West Chester firm may see product on sideline Sunday
John Faherty reports:
This Sunday, somewhere around 110 million people will sit down to watch the Super Bowl. Some will watch the game. Others will watch the commercials.
But the 250 employees of TSS Technologies in West Chester will watch in hopes that a TV camera will, at some point, focus on a San Francisco 49er wearing what looks like a funny oven mitt.
Don’t be fooled: The mitt, made and distributed by TSS, is scientifically engineered and designed to naturally cool athletes and others off quickly, allowing them to play better longer. If the nation sees the mitts in use on Sunday, it could provide a marketing bonanza for 60-year-old TSS.
“Oh yes, we will be watching the game very closely,” said Bruce Read, company president and chief operating officer. “We will be taping it and going over every frame.”
The CoreControl Cooling Glove mitts traveled a winding road to the Cincinnati suburbs. The idea began 10 years ago when two professors at Stanford University started wondering just how black bears manage to stay cool in the summer with all of that fur.
The two biologists, H. Craig Heller and Dennis Grahn, did a thermal scan of the animals and saw that their noses, feet and hands were always hot. That was how the heat was leaving their bodies. They figured humans were doing it the same way. And they were right. The CoreControl mitts just help the process work faster.
First, a brief lesson in mammalian thermoregulation. When a person begins to get hot, his or her body will work hard to cool it off. Blood will rush to the hands, feet and face in an effort to remove heat and bring the core temperature down. It happens through dilation of the arteriovenous anastomoses, which increases blood flow to the skin. The skin warms up, and that heat is then released into the environment and the body cools. It is why, when you are hot, your hands and feet get sweaty and your face gets red.
It is a beautiful system, and it works. A football player in the Super Bowl, however, would rather all this blood be used to feed muscles and promote circulation, not be working to cool the body down.
So the professors created a box with a battery-powered vacuum system attached to a mitt. Cool water is also circulating through the mitt to encourage the exchange of heat.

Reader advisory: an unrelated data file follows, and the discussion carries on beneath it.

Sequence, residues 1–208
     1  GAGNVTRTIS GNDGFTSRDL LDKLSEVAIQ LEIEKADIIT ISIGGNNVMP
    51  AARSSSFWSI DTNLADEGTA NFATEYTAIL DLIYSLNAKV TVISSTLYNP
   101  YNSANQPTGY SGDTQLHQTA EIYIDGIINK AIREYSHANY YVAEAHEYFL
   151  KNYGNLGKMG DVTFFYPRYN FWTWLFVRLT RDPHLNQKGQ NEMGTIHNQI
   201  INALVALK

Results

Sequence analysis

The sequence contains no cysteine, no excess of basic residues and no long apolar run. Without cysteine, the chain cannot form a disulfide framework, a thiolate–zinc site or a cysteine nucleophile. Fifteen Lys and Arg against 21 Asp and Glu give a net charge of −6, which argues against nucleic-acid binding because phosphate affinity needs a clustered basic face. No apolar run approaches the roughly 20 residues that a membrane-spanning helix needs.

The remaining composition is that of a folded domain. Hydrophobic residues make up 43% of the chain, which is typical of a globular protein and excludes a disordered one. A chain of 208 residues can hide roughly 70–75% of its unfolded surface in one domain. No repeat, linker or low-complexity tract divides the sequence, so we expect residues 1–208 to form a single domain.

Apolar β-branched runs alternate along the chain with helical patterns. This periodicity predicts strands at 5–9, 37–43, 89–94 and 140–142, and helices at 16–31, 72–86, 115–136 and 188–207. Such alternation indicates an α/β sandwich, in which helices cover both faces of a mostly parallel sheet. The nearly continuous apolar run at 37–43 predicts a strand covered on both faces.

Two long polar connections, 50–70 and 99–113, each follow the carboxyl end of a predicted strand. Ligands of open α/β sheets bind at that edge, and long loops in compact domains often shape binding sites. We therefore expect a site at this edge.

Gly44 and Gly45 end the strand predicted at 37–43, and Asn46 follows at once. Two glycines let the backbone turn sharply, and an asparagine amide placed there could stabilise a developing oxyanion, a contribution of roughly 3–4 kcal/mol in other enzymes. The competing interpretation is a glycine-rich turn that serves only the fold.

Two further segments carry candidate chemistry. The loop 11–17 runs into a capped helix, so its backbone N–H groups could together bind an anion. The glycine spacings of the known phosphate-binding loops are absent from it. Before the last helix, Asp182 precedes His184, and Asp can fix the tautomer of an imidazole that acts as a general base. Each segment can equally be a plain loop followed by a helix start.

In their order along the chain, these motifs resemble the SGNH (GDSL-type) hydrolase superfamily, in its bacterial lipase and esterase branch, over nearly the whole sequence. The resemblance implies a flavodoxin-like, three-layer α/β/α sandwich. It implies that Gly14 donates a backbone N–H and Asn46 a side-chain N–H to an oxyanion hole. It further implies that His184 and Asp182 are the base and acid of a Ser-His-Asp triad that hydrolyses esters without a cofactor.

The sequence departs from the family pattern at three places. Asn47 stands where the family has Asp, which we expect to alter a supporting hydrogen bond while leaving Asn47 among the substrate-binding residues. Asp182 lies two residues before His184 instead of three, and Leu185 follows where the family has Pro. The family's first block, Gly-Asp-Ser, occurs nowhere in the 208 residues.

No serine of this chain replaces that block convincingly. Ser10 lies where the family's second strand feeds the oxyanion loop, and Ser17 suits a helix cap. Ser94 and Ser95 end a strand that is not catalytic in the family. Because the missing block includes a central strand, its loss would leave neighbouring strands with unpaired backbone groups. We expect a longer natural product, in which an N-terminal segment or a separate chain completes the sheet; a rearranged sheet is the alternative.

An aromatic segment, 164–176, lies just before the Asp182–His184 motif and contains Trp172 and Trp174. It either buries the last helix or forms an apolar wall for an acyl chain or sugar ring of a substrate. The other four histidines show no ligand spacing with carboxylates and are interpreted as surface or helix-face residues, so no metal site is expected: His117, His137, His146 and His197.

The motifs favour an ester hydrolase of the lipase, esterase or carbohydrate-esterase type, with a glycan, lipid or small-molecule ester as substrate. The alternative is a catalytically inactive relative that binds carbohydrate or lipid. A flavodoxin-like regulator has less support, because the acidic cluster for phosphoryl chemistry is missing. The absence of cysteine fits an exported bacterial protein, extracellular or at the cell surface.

The Stanford professors believed in their product, but they were academics, not manufacturers or marketers. They needed help in production and sales. TSS Technologies and its subsidiary Dynavision heard about the product and offered to form a partnership with the professors. Now, TSS builds them; Dynavision does sales and marketing. The professors continue to tinker.
The San Francisco 49ers started using the mitts because of the team’s close relationship with Stanford. Coaches have coached at both places, trainers have trained at both places.
The team bought eight to 10 of the units. They use them during practices and games. They have brought them to the Super Bowl for Sunday’s game.
Dan Sellers, who does national sales and business development for TSS, said all athletes are now looking for a competitive advantage that will not mean a bad blood test. This is a performance enhancement through science, not chemistry, he said.
“Everybody likes the idea of getting faster and stronger without a needle,” Sellers said.
“We hear that a lot. This is all natural, no injections, nothing.”
Two NBA teams and the Stanford football team, of course, also use the devices.
Read said that kind of audience would be great at helping to move the product out of the sports arena and into public use. Each unit costs $895, and TSS is hoping to encourage weekend warriors, gardeners and golfers to buy them. He also sees possible uses by the military and firefighters.
Which is why everybody at TSS hopes the 49ers get spotted using them. A little time on TV would help a lot.